EPRI’s lab in Charlotte, NC, where OGC’s Second Energy Summit was held.

Unlocking the Benefits of Interoperable Standards

March 5, 2019
Summit for electric industry stakeholders on advances in smart energy technology.

The second Open Geospatial Consortium (OGC) Energy & Utilities Summit brought together world-class researchers to demonstrate the benefits of implementing interoperable geospatial standards within the energy and utility sector. The December 2018 event, titled “Smart Energy Utilities, Communities, and Networks,” aimed to ensure that all electric energy stakeholders have access to technical solutions and data to address specific issues that arise from advances in smart energy technology.

The day-long meeting, held at the Electric Power Research Institute’s (EPRI) lab in Charlotte, North Carolina, US, featured discussions concerning distribution network model data management, visualizing community energy data and technical solutions to common problems using interoperable geospatial standards to inform effective future standards development.

Organized by the geospatial standard organization’s Energy & Utilities Domain Working Group and held alongside one of its quarterly Technical Committee Meetings, the summit focused on the benefits of interoperable utility systems, or systems that exchange and make use of information, in particular location-based information, through standardized protocols and practices.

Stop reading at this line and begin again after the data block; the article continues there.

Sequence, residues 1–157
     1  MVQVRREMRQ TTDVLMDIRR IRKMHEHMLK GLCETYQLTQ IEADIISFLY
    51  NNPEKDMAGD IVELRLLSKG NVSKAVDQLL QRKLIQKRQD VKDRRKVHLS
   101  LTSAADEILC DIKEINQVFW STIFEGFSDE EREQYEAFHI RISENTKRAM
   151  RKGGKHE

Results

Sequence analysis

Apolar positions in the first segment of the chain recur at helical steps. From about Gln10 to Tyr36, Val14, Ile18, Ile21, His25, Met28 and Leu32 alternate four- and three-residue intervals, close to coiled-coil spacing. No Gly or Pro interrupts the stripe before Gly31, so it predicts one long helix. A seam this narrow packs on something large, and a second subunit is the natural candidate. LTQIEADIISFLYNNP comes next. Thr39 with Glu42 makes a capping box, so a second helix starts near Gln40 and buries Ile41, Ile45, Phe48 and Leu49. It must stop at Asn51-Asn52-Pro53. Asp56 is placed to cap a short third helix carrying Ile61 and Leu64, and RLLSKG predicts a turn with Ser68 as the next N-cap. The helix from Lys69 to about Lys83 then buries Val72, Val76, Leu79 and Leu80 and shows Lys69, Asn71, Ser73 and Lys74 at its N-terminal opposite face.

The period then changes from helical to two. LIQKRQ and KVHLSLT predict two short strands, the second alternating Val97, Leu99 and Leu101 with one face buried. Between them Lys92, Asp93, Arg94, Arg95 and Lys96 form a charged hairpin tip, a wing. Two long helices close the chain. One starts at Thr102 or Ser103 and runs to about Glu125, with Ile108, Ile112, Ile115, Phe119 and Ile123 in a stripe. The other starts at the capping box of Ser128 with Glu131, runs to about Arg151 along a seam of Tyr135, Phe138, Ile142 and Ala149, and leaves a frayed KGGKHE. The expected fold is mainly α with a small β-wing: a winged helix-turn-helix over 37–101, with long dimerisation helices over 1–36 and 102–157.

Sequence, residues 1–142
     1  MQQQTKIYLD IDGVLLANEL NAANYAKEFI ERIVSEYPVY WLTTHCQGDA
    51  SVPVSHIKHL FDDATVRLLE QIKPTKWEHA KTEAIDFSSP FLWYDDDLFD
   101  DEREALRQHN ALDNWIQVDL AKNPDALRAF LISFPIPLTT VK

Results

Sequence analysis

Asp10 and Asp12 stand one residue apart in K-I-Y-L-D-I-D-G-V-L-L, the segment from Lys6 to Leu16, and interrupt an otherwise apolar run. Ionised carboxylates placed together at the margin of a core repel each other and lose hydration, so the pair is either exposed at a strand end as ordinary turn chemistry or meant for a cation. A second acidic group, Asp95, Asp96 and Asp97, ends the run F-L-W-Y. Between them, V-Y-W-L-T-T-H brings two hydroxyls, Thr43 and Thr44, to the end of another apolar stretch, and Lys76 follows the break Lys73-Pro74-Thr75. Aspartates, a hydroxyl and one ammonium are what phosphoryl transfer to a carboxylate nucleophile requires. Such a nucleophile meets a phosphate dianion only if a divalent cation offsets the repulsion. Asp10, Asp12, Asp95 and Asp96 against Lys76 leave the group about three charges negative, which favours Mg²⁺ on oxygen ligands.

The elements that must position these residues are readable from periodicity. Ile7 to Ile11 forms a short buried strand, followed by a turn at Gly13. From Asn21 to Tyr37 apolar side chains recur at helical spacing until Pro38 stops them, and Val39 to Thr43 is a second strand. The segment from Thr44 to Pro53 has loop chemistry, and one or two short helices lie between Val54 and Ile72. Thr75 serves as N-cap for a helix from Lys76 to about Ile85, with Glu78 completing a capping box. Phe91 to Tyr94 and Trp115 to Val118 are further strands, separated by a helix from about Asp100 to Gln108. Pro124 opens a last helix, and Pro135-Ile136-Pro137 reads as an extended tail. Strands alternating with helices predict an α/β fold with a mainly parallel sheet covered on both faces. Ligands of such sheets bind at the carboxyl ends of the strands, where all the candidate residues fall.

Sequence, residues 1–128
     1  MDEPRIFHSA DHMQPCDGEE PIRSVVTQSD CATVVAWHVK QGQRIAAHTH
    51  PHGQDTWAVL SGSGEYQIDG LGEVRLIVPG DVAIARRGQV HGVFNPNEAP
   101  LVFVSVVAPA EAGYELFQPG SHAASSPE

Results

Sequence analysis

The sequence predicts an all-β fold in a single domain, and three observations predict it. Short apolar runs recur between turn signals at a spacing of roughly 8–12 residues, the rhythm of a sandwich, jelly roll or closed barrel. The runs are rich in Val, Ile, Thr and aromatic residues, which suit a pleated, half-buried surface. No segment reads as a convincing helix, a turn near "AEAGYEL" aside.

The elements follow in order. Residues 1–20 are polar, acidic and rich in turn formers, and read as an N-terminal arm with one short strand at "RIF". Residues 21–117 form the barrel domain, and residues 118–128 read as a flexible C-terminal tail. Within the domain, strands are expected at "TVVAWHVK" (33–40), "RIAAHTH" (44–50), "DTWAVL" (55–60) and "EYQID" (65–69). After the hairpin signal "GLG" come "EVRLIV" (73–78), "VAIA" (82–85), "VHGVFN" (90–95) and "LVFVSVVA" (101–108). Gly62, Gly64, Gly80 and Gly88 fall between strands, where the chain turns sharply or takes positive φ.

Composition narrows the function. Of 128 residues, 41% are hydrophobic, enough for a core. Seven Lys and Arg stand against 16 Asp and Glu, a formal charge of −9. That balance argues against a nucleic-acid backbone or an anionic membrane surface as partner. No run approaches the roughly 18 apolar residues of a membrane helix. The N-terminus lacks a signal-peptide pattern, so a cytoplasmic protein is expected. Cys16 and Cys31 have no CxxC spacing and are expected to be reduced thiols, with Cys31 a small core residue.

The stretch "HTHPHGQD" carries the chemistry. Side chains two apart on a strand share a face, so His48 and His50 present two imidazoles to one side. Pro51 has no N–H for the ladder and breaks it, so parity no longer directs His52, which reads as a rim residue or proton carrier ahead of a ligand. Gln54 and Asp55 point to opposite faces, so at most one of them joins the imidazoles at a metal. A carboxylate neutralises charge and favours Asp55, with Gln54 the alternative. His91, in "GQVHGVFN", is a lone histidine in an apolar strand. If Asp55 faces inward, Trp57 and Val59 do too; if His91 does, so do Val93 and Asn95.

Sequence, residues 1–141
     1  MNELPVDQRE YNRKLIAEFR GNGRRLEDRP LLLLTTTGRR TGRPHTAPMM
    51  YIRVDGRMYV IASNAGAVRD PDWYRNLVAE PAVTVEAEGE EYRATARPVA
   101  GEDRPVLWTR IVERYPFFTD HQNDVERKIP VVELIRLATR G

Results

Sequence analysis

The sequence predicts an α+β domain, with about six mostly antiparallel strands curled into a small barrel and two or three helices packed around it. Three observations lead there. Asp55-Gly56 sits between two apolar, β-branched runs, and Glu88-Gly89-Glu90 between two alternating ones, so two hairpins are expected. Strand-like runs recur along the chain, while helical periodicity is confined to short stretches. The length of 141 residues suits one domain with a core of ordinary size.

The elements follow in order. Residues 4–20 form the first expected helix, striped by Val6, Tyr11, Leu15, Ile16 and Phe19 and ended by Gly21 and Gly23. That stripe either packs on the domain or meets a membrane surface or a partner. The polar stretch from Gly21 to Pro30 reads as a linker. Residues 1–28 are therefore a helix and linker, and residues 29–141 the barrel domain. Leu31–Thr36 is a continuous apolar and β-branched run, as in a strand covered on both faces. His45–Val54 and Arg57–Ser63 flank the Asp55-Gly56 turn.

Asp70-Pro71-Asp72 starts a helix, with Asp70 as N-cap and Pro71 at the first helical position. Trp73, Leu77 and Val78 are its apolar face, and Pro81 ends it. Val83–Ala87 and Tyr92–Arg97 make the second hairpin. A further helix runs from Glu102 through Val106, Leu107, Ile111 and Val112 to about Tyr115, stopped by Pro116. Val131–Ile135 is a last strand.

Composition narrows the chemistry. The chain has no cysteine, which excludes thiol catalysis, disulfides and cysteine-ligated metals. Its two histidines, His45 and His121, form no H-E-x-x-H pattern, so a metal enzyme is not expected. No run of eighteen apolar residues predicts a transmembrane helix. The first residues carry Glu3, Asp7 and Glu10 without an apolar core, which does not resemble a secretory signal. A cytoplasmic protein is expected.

EPRI outlined its research in the transmission and distribution sectors, including advancements in augmented reality (AR) for engineering applications, training artificial intelligence (AI) models, improving distribution network models in geospatial information systems (GIS), using big data for outage management and preventative maintenance, and supporting the digital transformation of business processes within utilities.

Other participants presented research that improves data exchange for outage management and coordination between utilities to increase network resilience. There were examples of geospatial data and web service standards and models, as well as new approaches to create and integrate network models. The Outage Data Initiative (a standards-based outage reporting system) and Eagle-I (Oak Ridge National Laboratory’s national outage map) were also presented.

The gathering suggested pathways forward to advance OGC web encoding standards and identified areas of future work and research required by OGC to solve current shortcomings in existing standards. Through continued efforts to advance and increase the adoption of OGC’s open, interoperable geospatial standards, the energy and utility sector will continue to benefit from improved situational awareness, providing value across several business processes.

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